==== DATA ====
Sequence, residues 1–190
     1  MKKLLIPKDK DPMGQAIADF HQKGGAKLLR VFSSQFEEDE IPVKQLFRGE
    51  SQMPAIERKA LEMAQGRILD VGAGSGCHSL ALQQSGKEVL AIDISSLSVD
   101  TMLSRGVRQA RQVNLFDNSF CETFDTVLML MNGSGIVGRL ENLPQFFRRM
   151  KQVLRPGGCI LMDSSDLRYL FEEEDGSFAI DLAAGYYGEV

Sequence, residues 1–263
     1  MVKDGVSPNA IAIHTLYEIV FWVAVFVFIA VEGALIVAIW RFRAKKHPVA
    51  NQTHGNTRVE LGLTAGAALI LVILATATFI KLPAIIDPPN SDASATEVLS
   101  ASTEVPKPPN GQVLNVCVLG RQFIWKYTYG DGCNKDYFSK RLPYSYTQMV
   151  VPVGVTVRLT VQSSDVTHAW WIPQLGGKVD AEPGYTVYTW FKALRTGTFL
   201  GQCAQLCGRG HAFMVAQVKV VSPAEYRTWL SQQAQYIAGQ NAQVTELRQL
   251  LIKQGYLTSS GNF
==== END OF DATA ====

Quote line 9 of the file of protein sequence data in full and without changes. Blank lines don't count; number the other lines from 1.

   101  ASTEVPKPPN GQVLNVCVLG RQFIWKYTYG DGCNKDYFSK RLPYSYTQMV